UCLA

Crisis Point

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Published Oct 1, 2006 12:00 AM


The Crisis Erupts: How did it come to this?

Parker: When the figures were released with the announcement of UCLA enrolling 99 freshmen in the entering 2006 class, it became not only a major news story, but a major crisis for our campus. Today, we are going to look at how we got to where we are, what it means and where we go from here.

Montero: We have been concerned about a downward trend for quite some time. But admissions is an imprecise science, and if you look at the figures over the last five years or so, there were some ups and downs, some brought about by entirely different issues. For example, we had a smaller number of students across the board, so the [African-American] numbers were smaller, yet proportional to an overall decrease. We were hoping for larger numbers going forward.

Parker: Yolanda, what is the impact of this on alumni relations?

Nunn Gorman: Most of us came to the university because of its diversity, because of that heritage. And at this point, at least among alumni, it has been identified as a very severe crisis.

Parker: Mandla, you said at a press conference that the Black Alumni Association was outraged at the decline in freshman enrollment.

Kayise: Yes, it's been difficult over the past several months. You want African Americans to understand why you love UCLA so much because literally, they're wondering. We do feel, despite our deep connection to and love for UCLA, that we must fully express what people are expressing to us.

Taylor: I've had USC guys in my office come up and say, "I can't believe this." I went to lunch yesterday with a client who graduated from Yale, who said, "I was shocked at that number." When people outside of our family look at this as a serious problem, it deserves a strong institutional response.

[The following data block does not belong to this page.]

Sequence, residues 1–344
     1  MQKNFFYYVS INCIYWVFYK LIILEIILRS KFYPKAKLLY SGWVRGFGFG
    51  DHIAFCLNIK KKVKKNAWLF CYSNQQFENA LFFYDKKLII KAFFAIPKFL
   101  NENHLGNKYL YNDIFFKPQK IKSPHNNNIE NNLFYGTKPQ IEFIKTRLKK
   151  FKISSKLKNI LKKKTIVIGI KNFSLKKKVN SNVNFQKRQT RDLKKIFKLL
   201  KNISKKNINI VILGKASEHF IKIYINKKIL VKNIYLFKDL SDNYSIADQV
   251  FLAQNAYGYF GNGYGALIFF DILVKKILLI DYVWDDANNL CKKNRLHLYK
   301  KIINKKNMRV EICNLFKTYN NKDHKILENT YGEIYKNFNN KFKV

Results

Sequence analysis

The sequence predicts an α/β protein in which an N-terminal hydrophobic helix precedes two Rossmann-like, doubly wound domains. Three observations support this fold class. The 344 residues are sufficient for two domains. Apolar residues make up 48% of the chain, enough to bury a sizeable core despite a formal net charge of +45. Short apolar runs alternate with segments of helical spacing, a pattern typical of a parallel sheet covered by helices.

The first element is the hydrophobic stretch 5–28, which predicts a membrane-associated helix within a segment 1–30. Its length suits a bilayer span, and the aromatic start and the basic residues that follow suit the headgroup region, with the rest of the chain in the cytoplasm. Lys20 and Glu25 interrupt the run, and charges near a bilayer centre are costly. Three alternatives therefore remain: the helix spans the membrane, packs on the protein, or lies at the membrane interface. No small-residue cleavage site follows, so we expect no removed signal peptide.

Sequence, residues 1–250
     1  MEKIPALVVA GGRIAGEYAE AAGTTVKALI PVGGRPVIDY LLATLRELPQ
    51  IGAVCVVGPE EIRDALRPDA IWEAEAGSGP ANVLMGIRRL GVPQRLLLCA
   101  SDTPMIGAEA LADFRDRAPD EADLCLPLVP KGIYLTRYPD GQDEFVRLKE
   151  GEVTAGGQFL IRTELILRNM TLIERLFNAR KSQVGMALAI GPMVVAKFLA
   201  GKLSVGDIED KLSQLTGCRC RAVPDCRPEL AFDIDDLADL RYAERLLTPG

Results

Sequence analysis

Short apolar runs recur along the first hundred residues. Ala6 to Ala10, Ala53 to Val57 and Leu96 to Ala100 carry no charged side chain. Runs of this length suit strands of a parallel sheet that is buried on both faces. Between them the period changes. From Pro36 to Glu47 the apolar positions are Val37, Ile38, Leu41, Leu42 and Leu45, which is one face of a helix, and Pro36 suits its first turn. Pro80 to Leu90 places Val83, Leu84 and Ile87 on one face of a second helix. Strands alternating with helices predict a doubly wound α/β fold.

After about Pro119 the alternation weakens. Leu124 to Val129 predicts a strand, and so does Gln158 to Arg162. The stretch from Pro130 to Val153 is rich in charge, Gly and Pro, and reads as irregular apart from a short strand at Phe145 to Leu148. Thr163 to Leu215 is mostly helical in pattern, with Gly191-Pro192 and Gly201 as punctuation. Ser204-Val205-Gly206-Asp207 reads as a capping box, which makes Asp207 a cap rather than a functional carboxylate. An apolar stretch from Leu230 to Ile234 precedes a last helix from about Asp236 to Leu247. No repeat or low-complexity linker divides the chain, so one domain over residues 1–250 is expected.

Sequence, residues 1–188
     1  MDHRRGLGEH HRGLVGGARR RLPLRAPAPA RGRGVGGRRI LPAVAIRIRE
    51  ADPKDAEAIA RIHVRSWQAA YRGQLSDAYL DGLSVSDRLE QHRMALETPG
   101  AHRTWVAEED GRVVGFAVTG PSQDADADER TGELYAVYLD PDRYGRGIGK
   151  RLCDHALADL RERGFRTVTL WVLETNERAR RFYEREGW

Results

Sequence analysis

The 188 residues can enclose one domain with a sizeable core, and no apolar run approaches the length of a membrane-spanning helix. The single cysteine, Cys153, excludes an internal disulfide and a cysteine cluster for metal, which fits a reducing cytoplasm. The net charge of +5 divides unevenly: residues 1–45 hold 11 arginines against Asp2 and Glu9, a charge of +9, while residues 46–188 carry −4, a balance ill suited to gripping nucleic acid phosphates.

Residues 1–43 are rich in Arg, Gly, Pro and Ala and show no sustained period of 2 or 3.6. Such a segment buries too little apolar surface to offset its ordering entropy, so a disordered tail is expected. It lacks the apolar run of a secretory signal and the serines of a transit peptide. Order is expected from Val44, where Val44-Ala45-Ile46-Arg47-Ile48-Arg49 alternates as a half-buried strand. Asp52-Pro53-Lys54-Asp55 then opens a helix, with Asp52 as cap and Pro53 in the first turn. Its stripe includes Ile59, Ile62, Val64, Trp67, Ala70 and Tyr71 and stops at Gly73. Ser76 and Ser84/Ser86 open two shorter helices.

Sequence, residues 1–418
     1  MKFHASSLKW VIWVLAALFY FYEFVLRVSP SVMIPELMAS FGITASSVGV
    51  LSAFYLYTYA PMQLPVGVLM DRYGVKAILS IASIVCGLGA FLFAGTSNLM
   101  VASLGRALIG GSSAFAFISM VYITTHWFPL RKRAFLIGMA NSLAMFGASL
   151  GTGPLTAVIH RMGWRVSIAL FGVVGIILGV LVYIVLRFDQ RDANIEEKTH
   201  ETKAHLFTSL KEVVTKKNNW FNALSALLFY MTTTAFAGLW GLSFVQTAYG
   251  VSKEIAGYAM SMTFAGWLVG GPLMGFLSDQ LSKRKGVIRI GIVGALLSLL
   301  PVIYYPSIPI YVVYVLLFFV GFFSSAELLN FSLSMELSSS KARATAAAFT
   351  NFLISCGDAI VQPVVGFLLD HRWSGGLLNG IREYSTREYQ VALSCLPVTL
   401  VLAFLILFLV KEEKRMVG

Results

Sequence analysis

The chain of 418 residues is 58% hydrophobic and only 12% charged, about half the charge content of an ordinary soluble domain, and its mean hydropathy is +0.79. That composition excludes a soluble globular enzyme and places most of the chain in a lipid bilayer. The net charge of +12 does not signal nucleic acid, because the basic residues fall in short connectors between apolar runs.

Parker: Terry, what about the student perspective?

Flennaugh: I think the severity of the decline over the past years and the response — or lack thereof — from the university really makes [African-American] students feel isolated and alienated, particularly on a campus that has such a rich history of African-American alumni. They don't see themselves on campus. We'd be in a lecture hall with 300 other people, and we'd be lucky to find more than five other African Americans. And the university is not only cheating the African-American students, but the entire student population.

Lokman: We can end up at a point where talented students choose not to come here. And nobody wants that.

O'Brien: The point Terry made about the sense of a student on the campus feeling alienated affects everyone. And I do fear that unless we figure out how to fix this, and fast, we're going down a road that will erode our ability to compete for the best students — of any ethnicity.

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